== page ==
Monday, February 24

Playtesting Success and Mobile Development II

One of last year's most popular posts was entitled Playtesting Success and Mobile Development, which is an apt title for this week too.

I'll start with the playtesting. Last week I'd come up with a new version of Zombology on the train to Sheffield and then constructed it last weekend. Games Night was cancelled due to The Daughter being ill again (I'm thinking of suing the nursery ;-) ), but I managed to arrange a playtest session at work on Wednesday lunchtime. Six us of sat down to play Zombology and because it's very quick we played a couple of games.

I'd made a bunch of changes to Zombology to combat some of the most frequent criticisms:

  • It's not very zombie
  • I've no idea how many rounds are left
  • The two different types of cards are confusing

The games went quite quickly and it was clear that introducing a round track and the events and upgrades had boosted the theme quite a lot (though at the detriment of the science theme, which was much less evident). There was much less confusion about the types of cards too.

As with any major change to a design it introduced a bunch of new problems which I addressed over the weekend - I've a new new version now which I'll be testing this week:

New Zombology

In related news, I've given up on the artist for the NaGa DeMon winners' copies of Zombology, I'm going to send the the new version as a prize instead - they all seem happy with that.

On the app development front, I've started a new app too.

Last year I got a Nokia Lumia 920 Windows Phone. As far as I can tell The Wife, Hoops and I are the world's only three Windows Phone owners. There aren't anywhere near as many apps for it as there are for iOS and Android, but I bought it because in the day job I write software in C# and XAML and I could write apps for it in C# and XAML.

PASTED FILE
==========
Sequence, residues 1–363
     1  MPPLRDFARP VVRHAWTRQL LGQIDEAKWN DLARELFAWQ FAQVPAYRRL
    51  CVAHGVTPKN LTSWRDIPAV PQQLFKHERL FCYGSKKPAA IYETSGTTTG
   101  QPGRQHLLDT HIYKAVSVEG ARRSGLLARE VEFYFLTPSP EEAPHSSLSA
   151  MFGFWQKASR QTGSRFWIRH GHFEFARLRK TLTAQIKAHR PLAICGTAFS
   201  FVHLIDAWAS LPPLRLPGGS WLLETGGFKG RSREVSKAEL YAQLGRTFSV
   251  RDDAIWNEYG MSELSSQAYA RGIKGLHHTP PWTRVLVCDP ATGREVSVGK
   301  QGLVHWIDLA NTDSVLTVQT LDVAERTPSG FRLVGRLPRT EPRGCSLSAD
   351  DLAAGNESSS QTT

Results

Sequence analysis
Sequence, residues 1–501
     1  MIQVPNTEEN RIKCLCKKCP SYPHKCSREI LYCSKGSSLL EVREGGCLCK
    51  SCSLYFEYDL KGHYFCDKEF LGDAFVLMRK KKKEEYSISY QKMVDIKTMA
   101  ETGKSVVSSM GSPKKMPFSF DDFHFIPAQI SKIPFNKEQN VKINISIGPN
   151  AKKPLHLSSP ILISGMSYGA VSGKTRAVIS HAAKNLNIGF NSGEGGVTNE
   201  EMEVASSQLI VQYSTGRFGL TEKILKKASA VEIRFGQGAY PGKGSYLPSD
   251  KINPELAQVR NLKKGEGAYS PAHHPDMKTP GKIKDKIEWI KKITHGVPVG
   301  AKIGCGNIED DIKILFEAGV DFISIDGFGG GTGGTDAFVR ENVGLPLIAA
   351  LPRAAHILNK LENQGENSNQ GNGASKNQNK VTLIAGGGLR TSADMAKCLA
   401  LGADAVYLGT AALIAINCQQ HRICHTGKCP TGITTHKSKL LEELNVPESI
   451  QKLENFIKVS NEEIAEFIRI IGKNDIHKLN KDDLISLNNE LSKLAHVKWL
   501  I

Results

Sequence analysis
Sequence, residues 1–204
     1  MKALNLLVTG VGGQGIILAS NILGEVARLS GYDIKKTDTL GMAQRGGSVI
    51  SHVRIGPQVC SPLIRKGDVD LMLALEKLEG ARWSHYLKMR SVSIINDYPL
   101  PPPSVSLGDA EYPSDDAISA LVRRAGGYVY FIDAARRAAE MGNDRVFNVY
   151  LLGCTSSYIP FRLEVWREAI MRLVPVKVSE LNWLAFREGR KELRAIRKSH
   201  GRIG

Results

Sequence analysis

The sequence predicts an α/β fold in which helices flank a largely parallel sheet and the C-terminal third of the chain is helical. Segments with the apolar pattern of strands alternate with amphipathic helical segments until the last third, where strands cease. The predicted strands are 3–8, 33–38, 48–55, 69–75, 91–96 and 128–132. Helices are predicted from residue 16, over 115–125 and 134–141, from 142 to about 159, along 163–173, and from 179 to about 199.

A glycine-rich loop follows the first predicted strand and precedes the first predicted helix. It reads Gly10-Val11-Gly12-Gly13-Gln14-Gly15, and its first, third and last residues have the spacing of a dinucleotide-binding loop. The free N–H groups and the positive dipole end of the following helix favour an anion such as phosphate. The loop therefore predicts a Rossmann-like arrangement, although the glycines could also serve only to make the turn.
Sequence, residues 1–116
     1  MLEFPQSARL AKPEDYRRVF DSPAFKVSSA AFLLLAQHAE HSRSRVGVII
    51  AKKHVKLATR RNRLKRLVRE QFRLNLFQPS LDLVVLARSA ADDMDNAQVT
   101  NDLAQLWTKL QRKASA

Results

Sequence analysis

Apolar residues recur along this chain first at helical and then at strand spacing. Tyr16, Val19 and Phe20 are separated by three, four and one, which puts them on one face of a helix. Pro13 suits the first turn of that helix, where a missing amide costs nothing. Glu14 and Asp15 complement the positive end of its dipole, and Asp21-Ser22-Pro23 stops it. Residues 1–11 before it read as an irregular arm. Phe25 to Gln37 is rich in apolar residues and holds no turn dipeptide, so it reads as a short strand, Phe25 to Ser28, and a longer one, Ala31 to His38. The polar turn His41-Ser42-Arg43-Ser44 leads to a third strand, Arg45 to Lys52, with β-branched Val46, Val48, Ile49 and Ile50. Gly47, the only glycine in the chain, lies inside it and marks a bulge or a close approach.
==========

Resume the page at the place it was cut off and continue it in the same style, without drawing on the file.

My job title is technically Project Manager and Software Engineer, and since our takeover by a large American corporation last August it's been leaning more towards Project Management. Coupled with the chronic and acute sleep deprivation my programming skills are fast atrophying, so being able to do some app development in my spare time to keep my hand in has been a good thing. Last year it was an app to help set up and record games of Codename: Vacuum, this year it's an app to try to streamline games of FireFly: The Board Game.

The app tileWhile The Wife and The Daughter were away in January I got a chance to play Firefly: The Board Game. I then bought a copy and played it again at Games Night with my chums. I'm a huge fan of the TV series and the game is incredibly thematic, but one of the biggest criticisms I've heard of it is that it goes on too long. My two plays have been 2:20 and 4 hours, which seeing that Games Night only lasts four hours is a bit long for me really. Experienced players say they've got it down to under two hours (like it says on the box), but it'll be a struggle. especially while people are learning the game.

One of the clunkiest bits is movement. Each round you have a choice of 'moseying' one space (way too slow!) or going 'full burn' and moving up to five spaces, at a cost. The cost comes via a deck of Nav cards that tell you what happens in each space. So if you want to move five spaces you move a space, flip a card and resolve it, move a space, flip a card and resolve it, five times! Most of these cards are 'Keep Flying' which you can ignore - they have no effect. But just the act of moving then flipping slows you down.